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Each series sees a team of writers and editors digging deep in one policy area to examine the nuances and intricacies that reveal policymakers aren't always right and that their jobs can be much more difficult than at first glance.
Digital Hate: Right-Wing Extremism Online
Alexandra Wilson & Ben Beiles
On January 6th, 2021, a mob of right-wing extremists stormed the US Capitol in an attempt to overturn the 2020 American election results. In the weeks following the attack, it became abundantly clear that extremist right-wing sentiments, which had previously been limited to rhetoric online and in the media, were beginning to manifest in the “real world” with devastating consequences. Hateful vitriol has always proliferated and metastasized on social media platforms, but the January 6th attacks brutally demonstrated how extremist thoughts and statements can escalate to extremist actions. In this series we discuss the origins of right-wing extremism online, the media’s role in effectuating hate, and its consequences in the real world. With a particular focus on the Canadian landscape, we will also be evaluating potential policy solutions and making the argument for a way forward.
Behind the Game: When Sport and Policy Collide
Alexander Stoney & Rayyan Esmail
Sports are an integral part of life, culture and economics. From the wealthy ownership groups and the talented players and athletes to the diehard fans, sports have the power to unite people from all different backgrounds. However, the interplay between the many groups and socio-economic forces of sports creates a complex environment of public and private sector policy and decision-making and progressive social movements. “Behind the Game” will focus on these forces that we often cannot see, analyzing issues such as the impact of immigration on sports, the effects of the pandemic, urban planning of stadiums and gender inequality in sports. The summer of 2021 will provide a schedule of fascinating and pivotal sporting events, including EURO 2021, Wimbledon , and the Tokyo Summer Olympics. Throughout the summer, Associate Managing Editor Alex Stoney and Editor-in-Chief Brian Huynh are ready to guide you through the complex policies and decision-making in the world of sports. As we prepare for a summer of major international sporting events, we are excited to provide up-to-date and insightful policy analysis surrounding the biggest news in sports.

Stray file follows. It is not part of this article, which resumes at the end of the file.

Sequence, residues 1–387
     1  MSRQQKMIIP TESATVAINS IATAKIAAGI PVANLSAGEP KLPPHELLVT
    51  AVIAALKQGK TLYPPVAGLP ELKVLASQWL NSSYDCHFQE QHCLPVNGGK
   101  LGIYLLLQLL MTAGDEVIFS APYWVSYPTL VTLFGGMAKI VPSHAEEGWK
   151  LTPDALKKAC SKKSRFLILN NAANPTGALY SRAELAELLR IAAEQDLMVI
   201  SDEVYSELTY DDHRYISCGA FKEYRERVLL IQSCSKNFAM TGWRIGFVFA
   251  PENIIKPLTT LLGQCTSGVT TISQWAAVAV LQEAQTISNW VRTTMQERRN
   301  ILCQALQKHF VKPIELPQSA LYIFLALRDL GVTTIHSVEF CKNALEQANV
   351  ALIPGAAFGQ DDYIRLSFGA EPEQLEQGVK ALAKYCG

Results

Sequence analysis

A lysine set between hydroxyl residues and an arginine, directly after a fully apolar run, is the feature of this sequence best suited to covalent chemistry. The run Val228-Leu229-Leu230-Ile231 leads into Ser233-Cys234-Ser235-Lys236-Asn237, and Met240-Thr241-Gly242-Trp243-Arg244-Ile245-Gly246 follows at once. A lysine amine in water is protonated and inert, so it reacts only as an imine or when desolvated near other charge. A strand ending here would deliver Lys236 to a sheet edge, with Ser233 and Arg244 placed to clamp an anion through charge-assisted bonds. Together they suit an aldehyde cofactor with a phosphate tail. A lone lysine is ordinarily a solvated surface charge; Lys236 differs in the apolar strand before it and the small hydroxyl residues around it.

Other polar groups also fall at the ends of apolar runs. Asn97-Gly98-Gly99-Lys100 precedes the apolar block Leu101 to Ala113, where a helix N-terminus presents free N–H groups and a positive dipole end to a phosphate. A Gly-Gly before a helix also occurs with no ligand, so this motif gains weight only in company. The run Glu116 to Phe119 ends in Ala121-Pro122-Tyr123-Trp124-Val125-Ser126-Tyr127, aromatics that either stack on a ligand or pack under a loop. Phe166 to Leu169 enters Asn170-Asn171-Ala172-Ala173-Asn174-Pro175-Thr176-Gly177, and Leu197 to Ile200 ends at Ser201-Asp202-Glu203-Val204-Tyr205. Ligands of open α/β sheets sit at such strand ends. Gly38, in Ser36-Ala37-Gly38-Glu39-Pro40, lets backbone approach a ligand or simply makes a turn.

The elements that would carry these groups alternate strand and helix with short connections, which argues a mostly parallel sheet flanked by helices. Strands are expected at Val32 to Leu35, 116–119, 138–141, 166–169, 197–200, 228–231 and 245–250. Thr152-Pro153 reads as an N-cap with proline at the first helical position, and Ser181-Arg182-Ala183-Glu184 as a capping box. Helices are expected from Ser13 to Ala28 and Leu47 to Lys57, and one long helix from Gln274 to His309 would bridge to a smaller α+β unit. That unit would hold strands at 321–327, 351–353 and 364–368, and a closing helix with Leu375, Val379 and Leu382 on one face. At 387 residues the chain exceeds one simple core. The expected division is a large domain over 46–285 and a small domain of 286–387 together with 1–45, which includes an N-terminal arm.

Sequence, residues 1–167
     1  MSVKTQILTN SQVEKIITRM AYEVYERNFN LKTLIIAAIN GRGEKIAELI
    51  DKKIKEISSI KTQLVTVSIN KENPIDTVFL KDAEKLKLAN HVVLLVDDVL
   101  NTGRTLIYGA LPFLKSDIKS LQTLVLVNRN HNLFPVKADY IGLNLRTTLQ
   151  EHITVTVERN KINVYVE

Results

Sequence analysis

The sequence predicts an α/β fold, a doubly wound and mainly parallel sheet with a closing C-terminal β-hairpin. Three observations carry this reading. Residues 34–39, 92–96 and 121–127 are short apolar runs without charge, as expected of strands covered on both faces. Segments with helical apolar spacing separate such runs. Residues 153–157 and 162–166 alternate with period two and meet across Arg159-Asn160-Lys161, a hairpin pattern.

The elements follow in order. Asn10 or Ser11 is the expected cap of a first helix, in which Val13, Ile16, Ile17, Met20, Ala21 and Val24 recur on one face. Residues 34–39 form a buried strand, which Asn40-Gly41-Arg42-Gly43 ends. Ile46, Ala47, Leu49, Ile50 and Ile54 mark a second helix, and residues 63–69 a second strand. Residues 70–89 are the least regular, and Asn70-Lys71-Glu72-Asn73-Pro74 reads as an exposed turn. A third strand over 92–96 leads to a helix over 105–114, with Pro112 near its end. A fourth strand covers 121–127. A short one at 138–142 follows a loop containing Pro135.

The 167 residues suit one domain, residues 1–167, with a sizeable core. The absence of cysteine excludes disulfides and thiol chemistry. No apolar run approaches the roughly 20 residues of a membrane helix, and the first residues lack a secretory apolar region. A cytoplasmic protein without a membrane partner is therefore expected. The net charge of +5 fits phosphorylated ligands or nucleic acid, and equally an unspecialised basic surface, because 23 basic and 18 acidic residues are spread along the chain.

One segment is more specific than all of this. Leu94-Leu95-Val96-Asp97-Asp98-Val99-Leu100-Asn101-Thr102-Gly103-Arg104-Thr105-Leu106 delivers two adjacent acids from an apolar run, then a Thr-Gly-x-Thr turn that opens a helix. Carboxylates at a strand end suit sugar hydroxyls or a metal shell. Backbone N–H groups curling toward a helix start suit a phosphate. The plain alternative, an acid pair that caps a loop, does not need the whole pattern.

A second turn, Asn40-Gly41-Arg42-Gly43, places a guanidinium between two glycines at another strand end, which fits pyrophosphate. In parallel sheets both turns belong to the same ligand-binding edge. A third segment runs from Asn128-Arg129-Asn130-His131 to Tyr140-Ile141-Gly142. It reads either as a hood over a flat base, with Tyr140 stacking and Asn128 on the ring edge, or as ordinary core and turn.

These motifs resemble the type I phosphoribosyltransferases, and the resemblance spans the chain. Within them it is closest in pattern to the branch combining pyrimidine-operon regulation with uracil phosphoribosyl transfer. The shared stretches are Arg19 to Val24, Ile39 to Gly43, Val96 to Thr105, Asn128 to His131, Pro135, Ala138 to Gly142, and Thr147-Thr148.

The Global Vaccine Challenge: Inequalities and Misinformation
In this series we will be taking a deep dive into the global vaccine campaign. The common thread running through the series is the impact of inequalities and misinformation on prioritization and access to vaccines. The topic of Covid-19 vaccinations has become inherently political, as nationalism, economic recovery and securitization fuel discourse and influence policy. From discussing the process of getting vaccinated locally to breaking down vaccination tourism policy in the Maldives, this series offers a fresh take on varied aspects of Covid-19 vaccinations.
Corporations and Competition in Canadian Telecommunications
Canada's telecommunications industry is run by the "Big 3": Rogers, Bell, and Telus. This series will take a deep dive on the conditions sustaining the Big 3’s oligopoly. First, it will look at the nature of oligopolies and how they hurt consumers. Second, it will look at the history of competition law in Canada and the laws and regulations that have sustained the Big 3s market power. It will then look at the CRTC’s controversial MVNO decision, and the Rogers-Shaw merger. The series will conclude with an exploration of avenues that Canadian policy makers can take to encourage competition, protect consumers, and achieve meaningful connectivity.
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